The passive makeup air solution (such as the Broan makeup air damper) can be a functionally adequate solution, when sized properly. Unfortunately, there seems to be a misunderstanding in regards to the passive solution.

    The first thing to understand is that the passive solution utilizes no supply fan. It relies on the kitchen exhaust system to create a vacuum (depressurization) in the home to draw makeup air in through the damper. Of course, the main reason for the building code requirement for makeup air is to prevent depressurization and all of its adverse effects. The passive solution REQUIRES depressurization to work. So, how can the passive solution be used while not letting depressurization get out of hand?

    There are many building industry organizations that have determined that 5 Pascals (equivalent to 0.02" w.c.) depressurization is a reasonable limit to prevent backdrafting of fireplaces and naturally-vented, fuel-burning appliances. Some other types of appliances can vent against slightly more, but most codes offices and designers don't want to assume that there won't one day be naturally-vented appliances in the dwelling. Because of this, I could never recommend to design for a depressurization greater than 5 Pa.

    So, if we provide a passive opening or openings in the building envelope with enough area to permit makeup air to enter without the dwelling being depressurized beyond 5 Pa, then we've accomplished something. Unfortunately, though, this requires a lot more area than the construction industry realizes. Broan has a very useful tool on their web page that can size a passive system. The tool requires information on the dwelling and the rate of kitchen exhaust. The tool also allows the user to indicate the tightness of the dwelling (information from a blower door test), and a design depressurization limit (this is where you would use the 5 Pa limit). The result might be shocking, since a selection run for systems greater than 400 cfm will usually result in many dampers - not just one.

    With multiple passive dampers, the question then becomes what to do with all of these holes in the wall? Yes, this can be done, but it becomes a less attractive alternative to many.

    Another thing I want to mention is that it is not necessarily a good idea to duct the makeup air into the return duct of the central HVAC system. Most furnace manufacturers will void the heat exhchanger warranty if air colder than 50-55F enters the heat exchanger. Furthermore, the central HVAC system is designed to maintain space temperature (not discharge air temperature). Residential conditioning systems generally cycle with a call from a space thermostat. Cold air in ducts could result in the formation of condensation on the exterior of the duct. Humid air in ducts could result in condensation on the inside of the duct. Does the central system always run when the kitchen hood exhaust is operated? Just things to consider. This is why Fantech recommends ducting the makeup air to the kitchen, where a portion of the makeup air will actually be exhausted out before it affects the comfort in the rest of the dwelling. And, keep the makeup air system separate from the central HVAC system - the two systems have completely unrelated functions.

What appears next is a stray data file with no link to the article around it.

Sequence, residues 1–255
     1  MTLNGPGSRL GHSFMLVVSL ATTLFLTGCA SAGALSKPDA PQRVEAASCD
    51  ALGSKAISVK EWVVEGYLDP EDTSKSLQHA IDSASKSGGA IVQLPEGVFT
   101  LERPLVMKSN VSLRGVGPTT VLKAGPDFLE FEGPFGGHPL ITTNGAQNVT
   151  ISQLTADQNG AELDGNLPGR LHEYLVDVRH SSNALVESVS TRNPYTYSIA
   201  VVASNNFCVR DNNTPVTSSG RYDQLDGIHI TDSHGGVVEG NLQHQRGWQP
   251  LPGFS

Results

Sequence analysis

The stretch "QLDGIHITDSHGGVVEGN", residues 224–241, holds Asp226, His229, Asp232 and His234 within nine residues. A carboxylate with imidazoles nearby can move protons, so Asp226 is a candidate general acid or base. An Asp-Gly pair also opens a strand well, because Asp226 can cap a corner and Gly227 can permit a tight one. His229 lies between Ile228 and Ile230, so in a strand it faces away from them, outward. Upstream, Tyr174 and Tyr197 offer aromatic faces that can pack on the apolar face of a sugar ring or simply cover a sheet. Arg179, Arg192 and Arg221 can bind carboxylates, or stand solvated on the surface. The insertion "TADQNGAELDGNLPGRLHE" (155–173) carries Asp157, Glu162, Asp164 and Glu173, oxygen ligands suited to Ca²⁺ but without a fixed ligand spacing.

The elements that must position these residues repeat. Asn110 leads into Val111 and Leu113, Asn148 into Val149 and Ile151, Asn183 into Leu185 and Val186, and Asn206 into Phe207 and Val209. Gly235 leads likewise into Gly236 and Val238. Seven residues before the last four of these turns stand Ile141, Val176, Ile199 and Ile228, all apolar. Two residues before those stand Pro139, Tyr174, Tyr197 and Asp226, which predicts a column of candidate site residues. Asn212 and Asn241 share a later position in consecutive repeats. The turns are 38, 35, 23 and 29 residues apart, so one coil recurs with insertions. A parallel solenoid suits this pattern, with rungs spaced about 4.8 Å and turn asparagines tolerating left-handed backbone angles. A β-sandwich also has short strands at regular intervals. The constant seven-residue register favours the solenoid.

I know, it's obvious I don't endorse the passive system. And my opinions on the makeup air topic no doubt are showing through. I just think these things need to be better understood. There are applications where the passive solution makes sense. There are of course applications where the Fantech MUAS does not make sense, too. It is important to understand the basics of the situation, and to make an educated decision for the situation. Hopefully, you will find this information educational, if not helpful.

  12. Mark Wald | | #12

    Help with answering questions and clarifying information
    I am a product manager for Fantech, and thought it would be helpful to maybe answer a few questions and provide information where it might be misunderstood. I'm not here to argue makeup air philosophy, but will certainly provide factual information when I know it, and provide help in understanding Fantech's MUAS.

    I'm delighted that there is discussion on the subject, because modern construction methods are such that adequate makeup air is becoming a necessity for many dwellings.

    Scott Gibson's article is well written. The topic of residential makeup air could easily include enough content to result in many more pages of text, though. I'll try to supplement with additional content, hopefully for the better understanding of all of us. Here's a link to a white paper on our web page that discusses the topic of residential makeup air in more detail: http://catalogue2.systemair.com/FileHandler.axd?id=50124

    And, I realize that Fantech's MUAS is not perfect for every situation. It wasn't intended to be.

    Hope I can help. I'll reply to some of the comments above.

  13. Dillon Vautrin | | #13

    Thanks Mark